IMO this closes the matter until contrary evidence is produced. Based on this new study and the arguments in this thread, Ulfberht was a Frankish smith probably working out of either the Lorsch or Fulda monastery. Confirmation would require a few more Ulfberht swords being given the same analysis or a document stating that someone called Ulfberht lived in one of those monasteries during the time in question.


Dan - many thanks for this very important information.
These metallurgic informations are very strong arguments!
So it was NOT crucible steel imported from India, but local production in the Taunus region -> would be interesting to see a follow up on Scandinavian found Ulfberht's if they show the same level of arsenic and manganese (handles could always have been made or refitted locally).
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Lolke Stelwagen




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PostPosted: Tue 12 Feb, 2019 5:15 am    Post subject:         Reply with quote

The Weser sword proofs nothing about the entire lot recovered VLFBERHT swords. It is a one off. Unfortunately, the owners of VLFBERHT swords are not very helpful in analyzing their swords.

So the question is now, how would Central Germany in the early middleages be able to make the quality steel as good as Central Asia's, India's and Shri Lanka's crucible steel? It is recovered that in these area's were 100.000s bars produced. This is in no way found in Central Germany. So it is very unlikely that Central Germany produced the numbers of steel needed for all those swords found all around Europe. If there would have been the knowledge to produce the steel in Central Germany, no doubt more excellent-steel-products would have been made. The fact that not all found swords in Europe have crucible-steel-quality demonstrates that the steel was produced elsewhere and considered a product for the elite.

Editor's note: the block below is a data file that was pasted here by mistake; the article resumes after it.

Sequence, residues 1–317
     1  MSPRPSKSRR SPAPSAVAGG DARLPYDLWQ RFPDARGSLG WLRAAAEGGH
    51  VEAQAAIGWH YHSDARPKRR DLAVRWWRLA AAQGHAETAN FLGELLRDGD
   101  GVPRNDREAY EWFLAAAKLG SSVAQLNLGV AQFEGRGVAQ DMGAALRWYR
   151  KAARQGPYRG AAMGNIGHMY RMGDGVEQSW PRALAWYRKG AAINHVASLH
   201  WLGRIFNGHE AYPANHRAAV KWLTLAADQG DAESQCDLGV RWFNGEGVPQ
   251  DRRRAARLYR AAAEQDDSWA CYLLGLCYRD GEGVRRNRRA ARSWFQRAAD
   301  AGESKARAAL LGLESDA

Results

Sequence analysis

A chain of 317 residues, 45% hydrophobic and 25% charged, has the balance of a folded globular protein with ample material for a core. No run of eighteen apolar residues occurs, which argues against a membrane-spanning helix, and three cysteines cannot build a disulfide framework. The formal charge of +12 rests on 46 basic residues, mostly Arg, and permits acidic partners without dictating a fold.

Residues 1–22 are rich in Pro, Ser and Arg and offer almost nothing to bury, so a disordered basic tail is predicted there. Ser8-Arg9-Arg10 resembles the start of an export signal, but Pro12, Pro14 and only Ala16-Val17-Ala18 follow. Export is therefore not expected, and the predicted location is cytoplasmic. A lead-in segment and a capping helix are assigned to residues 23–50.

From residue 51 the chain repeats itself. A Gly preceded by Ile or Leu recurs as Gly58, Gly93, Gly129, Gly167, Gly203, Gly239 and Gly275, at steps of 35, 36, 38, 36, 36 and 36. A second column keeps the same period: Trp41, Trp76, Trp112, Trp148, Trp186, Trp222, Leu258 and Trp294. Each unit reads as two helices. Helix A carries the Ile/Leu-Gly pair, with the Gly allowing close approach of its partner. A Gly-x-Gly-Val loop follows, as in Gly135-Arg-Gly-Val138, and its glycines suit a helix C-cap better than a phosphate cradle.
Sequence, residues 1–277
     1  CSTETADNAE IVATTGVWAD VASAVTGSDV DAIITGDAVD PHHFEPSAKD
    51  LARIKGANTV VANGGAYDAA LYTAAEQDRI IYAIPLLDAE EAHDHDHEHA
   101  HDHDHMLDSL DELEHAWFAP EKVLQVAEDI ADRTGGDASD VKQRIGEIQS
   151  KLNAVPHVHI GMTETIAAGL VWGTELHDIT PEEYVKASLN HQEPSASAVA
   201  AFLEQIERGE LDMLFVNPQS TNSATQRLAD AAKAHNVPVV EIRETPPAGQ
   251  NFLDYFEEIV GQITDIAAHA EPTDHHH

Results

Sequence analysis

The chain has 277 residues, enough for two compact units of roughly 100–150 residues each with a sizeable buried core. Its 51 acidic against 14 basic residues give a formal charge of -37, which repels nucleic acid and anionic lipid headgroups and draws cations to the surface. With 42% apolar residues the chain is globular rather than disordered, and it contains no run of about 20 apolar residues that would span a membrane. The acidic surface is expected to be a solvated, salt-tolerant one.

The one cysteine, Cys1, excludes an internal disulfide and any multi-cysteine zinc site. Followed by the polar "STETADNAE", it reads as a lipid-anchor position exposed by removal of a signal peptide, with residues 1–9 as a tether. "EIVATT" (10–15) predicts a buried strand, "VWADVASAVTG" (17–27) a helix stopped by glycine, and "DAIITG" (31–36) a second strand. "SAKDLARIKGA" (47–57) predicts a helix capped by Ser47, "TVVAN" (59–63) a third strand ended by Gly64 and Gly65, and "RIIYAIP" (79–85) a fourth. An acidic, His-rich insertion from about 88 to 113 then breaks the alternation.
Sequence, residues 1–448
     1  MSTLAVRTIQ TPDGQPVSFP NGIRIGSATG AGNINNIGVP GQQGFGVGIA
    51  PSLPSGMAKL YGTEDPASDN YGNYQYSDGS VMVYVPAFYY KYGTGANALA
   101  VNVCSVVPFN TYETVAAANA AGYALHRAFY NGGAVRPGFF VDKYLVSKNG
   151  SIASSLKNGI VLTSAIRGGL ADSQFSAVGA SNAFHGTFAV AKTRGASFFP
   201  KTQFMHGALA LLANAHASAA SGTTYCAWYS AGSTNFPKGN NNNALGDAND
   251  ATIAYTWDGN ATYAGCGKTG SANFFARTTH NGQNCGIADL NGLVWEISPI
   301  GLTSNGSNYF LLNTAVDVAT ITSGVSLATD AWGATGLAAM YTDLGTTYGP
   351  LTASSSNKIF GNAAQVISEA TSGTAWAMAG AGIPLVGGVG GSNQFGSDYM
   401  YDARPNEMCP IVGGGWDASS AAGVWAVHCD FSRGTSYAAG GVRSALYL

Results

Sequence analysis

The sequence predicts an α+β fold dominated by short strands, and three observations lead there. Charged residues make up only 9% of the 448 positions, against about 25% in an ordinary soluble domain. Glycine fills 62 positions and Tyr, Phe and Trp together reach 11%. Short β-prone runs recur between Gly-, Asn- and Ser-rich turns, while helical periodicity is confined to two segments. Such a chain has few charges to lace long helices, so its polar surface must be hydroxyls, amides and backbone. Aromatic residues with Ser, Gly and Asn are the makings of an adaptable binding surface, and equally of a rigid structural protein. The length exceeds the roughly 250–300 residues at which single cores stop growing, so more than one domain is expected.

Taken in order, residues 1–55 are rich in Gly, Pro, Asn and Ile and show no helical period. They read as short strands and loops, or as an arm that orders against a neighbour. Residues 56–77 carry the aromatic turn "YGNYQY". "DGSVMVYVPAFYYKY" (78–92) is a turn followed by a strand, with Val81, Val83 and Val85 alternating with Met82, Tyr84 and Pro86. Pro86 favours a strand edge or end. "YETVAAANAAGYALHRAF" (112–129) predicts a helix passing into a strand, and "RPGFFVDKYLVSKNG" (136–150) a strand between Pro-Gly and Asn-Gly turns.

VLF seems Old Norse
BERHT seems Old Saxon
As Niels explained, this can make perfectly sense in a world that had much contacts with Danelaw-England.
There is nothing Frankish about the word VLFBERHT.

There is also no trade-route known from Frankish area to Central Asia on a large scale known to obtain the steel. The number of Dirhams found in Frankisch area is just too small. Also there was hardly a trade-route visible from North Europe to Frankish area before 950 AD. Till 950 AD only 125 Frankish coins can be found in North Europe against 1.000.000's of Dirhams.
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Mark Lewis





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PostPosted: Tue 12 Feb, 2019 1:56 pm    Post subject:         Reply with quote

Lolke Stelwagen wrote:
So the question is now, how would Central Germany in the early middleages be able to make the quality steel as good as Central Asia's, India's and Shri Lanka's crucible steel? It is recovered that in these area's were 100.000s bars produced. This is in no way found in Central Germany. So it is very unlikely that Central Germany produced the numbers of steel needed for all those swords found all around Europe.

I will quote a few excerpts from a recent paper by Pawel Kucypera and Jiri Hosek:
Quote:
...there are also other swords, contemporary with those from the group I [Williams' hyper-eutectoid Ulfberhts], provided with cutting edges of hyper-eutectoid steel, and without the Ulfberht signature, or simply without any evidenced inscriptions. One such a sword is a weapon from a 9th century cemetery related to the early medieval stronghold of Stará Kouřim, Czech Republic...